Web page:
STEM Lesson Developed at UCF Earns National Recognition
An innovative learning module that paired young students with STEM majors at UCF to study water quality has earned a team of UCF educators recognition from the journal Science.
“An Inquiry into the Water around Us,” was published in the August issue of Science and earned the Science Prize for Inquiry-Based Instruction. It was authored by Erin Saitta, assistant director of UCF’s Faculty Center for Teaching and Learning; Tamra Legron-Rodriguez, a UCF alumna and faculty member at Rollins College; and Melody Bowdon, director of the FCTL.
The learning module and its supporting materials are intended to provide science instructors across the nation with a valuable teaching model that will develop students’ abilities to think critically in the scientific process and become more civically engaged.
The team’s module matched STEM majors from UCF with middle and high school students to study the issue of local water quality. Teams were assigned key questions regarding water quality and tasked with designing the necessary methods to experiment and make claims in response to the questions.
Collaboration and communication between the students was a critical element of the project. After class, students continued to analyze experimental results; delve deeper into the chemistry content and its civic and political implications; and focus on communicating the information to a non-scientific audience.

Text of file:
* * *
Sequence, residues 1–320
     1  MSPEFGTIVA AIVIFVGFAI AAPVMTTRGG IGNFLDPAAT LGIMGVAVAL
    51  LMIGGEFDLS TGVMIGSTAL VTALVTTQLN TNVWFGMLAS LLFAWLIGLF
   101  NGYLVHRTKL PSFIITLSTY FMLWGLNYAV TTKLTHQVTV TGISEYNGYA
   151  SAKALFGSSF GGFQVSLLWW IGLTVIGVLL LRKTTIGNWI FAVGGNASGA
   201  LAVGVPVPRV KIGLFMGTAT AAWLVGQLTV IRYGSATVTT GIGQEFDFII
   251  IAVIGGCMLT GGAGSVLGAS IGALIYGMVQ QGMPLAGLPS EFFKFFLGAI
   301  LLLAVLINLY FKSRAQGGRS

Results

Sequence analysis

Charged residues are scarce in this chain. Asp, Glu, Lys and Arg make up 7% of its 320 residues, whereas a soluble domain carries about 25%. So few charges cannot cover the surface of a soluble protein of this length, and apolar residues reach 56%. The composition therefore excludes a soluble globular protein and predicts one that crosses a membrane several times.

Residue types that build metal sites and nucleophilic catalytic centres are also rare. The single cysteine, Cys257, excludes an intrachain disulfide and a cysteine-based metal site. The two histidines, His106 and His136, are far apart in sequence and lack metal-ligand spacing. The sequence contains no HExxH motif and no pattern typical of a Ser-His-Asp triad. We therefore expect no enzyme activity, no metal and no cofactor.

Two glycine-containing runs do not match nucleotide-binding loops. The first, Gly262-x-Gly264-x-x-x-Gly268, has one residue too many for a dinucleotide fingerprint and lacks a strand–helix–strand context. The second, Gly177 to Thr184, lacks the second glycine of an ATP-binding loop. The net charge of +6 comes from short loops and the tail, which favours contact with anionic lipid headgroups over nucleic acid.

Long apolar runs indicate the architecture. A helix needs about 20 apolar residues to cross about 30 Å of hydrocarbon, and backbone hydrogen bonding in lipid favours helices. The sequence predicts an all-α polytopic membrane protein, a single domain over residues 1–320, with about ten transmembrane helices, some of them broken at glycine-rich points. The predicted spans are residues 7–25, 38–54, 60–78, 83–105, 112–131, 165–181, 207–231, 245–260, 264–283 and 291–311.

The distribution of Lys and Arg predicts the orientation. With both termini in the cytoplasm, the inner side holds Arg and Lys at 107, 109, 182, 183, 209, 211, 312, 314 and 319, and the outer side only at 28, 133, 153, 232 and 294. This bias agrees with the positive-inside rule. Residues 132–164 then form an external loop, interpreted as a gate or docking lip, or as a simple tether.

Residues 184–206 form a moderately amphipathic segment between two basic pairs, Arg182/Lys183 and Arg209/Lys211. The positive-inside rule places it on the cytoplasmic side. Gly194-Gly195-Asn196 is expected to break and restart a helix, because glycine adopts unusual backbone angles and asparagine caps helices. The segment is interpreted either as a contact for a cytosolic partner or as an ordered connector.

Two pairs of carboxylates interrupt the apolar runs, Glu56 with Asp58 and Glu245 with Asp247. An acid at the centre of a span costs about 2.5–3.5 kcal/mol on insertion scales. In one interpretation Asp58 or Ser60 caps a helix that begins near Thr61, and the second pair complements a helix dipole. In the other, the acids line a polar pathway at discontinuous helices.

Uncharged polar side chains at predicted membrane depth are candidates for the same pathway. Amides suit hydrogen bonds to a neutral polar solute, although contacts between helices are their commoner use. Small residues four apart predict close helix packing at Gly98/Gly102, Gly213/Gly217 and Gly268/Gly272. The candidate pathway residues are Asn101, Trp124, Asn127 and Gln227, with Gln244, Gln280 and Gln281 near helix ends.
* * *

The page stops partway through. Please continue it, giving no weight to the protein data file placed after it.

The UCF team hopes that the interactive nature of the module will encourage more middle and high schoolers to pursue degrees and careers in STEM and more STEM professionals to consider the value of civic engagement.
“I am proud to have our UCF students, who have demonstrated a commitment to excellence and civic engagement, featured in such a prominent journal,” Saitta said. “One of the most rewarding aspects for me is that with the publication of the supplemental materials, the module will able to be utilized and adapted by educators around the world, hopefully inspiring the next generation of inquisitive and engaged scientists.”
To read the essay, visit http://www.sciencemag.org/content/341/6149/971.full.